Departing - A public transit web app

During my parental leave I found myself with a little down time while my daughter took naps and after she went to bed at night. I took this opportunity to develop a small webapp for the Stockholm Public Transit System (SL) using their open API.

This case study is not yet complete and is updated on a daily basis.

My role

Visual designInteraction designDevelopmentNap enforcementDiaper changesPlaydate arrangement


Existing apps for checking departure times were clunky and required alot of manual input and typing. For a “trip optimizer” like myself, who wants to get to where they’re going as fast and efficiently as possible, they simply weren’t cutting it.

Existing apps

Two of the most popular apps in the Appstore relied heavily on text input and advanced search options.

The problem

Stockholmers are constantly chasing minutes, especially when it comes to their commute. Making the right train or bus can shave several minutes off of your commute! That’s right, several minutes. That’s huge!

Perhaps even more important than enjoying those extra minutes of your non-commuting life is the feeling of a perfectly timed and synchronised commute. It has the potential to set the tone for the rest of your day and ensuring you arrive at your destination in a good mood.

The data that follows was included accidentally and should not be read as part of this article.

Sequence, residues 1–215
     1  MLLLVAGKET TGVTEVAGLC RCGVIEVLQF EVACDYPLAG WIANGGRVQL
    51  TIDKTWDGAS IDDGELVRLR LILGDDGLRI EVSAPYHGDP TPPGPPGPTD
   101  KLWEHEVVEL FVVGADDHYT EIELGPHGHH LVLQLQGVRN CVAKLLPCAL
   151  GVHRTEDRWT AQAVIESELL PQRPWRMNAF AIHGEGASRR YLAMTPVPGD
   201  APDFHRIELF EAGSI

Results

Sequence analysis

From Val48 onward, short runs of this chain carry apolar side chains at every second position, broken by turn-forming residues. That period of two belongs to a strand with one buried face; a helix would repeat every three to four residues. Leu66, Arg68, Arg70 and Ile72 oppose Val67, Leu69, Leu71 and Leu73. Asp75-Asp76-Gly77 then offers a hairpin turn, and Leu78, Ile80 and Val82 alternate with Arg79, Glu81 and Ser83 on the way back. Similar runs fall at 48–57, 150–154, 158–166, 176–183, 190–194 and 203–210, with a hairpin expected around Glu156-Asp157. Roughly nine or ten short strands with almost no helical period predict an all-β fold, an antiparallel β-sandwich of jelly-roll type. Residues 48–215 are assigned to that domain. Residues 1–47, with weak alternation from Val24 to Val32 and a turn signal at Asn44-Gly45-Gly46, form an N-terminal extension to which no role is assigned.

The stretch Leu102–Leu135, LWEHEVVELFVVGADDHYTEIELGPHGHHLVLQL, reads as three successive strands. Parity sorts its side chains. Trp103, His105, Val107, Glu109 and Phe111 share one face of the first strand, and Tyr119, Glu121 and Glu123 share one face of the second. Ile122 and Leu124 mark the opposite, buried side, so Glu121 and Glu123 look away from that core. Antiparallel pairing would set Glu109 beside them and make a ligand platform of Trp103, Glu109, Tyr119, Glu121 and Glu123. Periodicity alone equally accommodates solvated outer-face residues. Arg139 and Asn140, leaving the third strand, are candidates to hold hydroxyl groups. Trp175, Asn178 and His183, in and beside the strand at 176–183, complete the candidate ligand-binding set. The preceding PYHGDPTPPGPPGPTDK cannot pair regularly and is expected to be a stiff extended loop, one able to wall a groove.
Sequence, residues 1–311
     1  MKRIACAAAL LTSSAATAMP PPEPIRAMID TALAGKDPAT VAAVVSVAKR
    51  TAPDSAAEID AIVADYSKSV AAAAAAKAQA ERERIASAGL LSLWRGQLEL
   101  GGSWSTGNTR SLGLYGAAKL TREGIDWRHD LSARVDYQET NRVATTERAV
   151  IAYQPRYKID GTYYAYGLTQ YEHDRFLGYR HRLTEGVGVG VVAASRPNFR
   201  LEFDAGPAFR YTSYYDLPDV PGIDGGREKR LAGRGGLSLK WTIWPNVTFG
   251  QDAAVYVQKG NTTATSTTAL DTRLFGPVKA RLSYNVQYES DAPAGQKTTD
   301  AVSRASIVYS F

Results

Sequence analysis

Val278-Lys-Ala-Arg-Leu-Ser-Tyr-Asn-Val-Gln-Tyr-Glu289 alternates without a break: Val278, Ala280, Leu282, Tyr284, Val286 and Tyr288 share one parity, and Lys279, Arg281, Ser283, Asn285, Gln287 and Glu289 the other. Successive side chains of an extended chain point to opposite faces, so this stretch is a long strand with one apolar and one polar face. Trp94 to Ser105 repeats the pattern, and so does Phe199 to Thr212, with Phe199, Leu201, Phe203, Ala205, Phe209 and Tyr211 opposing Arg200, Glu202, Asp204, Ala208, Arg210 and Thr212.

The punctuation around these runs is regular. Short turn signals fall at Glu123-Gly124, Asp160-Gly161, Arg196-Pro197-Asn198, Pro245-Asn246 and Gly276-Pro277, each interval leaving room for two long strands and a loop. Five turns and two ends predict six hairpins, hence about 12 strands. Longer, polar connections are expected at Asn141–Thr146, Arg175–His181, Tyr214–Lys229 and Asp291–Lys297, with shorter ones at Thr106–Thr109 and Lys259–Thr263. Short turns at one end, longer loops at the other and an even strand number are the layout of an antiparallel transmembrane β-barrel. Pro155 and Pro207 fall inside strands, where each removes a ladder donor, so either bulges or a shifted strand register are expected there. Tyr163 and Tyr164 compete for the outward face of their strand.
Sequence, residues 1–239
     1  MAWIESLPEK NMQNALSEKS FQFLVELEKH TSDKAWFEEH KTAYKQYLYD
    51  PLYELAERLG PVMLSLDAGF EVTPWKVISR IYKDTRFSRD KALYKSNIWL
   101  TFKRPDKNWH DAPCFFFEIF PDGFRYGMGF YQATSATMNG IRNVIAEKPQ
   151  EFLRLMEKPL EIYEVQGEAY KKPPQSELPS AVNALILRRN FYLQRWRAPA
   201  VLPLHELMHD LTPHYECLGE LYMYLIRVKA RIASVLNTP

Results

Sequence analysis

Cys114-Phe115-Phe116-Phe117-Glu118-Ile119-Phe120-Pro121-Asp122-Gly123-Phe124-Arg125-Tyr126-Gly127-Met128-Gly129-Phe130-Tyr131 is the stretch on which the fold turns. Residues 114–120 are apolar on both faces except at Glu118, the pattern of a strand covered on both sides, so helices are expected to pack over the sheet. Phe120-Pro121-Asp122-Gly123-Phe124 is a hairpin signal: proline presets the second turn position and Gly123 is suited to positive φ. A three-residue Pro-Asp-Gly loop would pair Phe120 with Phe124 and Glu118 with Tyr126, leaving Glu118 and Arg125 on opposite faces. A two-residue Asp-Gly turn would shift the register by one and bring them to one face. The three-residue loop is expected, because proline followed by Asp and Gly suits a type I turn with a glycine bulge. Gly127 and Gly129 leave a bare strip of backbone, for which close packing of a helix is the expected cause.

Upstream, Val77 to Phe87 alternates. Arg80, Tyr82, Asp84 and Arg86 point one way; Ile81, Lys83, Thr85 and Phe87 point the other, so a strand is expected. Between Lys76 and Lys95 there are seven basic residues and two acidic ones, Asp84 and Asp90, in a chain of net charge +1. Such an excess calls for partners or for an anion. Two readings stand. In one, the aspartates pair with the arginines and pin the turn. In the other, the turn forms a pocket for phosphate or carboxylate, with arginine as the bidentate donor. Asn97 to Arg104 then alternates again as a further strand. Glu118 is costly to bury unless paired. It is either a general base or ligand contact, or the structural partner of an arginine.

Key insights

1. Minutes matter

People running and diving through closing subway doors is a common site in Stockholm's subway system. People are willing to risk life and limb in order to avoid waiting 2 minutes for the next train. Opening up an app and typing in your current location and destination does not fit into this context.

2. A busy platform at rush hour is neither the time or the place to stare at your phone

Spending time typing and staring into your phone while trying to navigate a busy place like Central Station is not a good experience for you, or your fellow commuters.

3. You might not think to plan your trip until it’s time to leave

As you’re stepping out the door you might wonder if you should walk, power-walk or opt for a light jog in order to time the buss just right. Having to fumble around with an app, typing in the names of stations defeats the purpose as you spend several minutes staring and tapping at your phone.

4. People only frequent a handfull of stations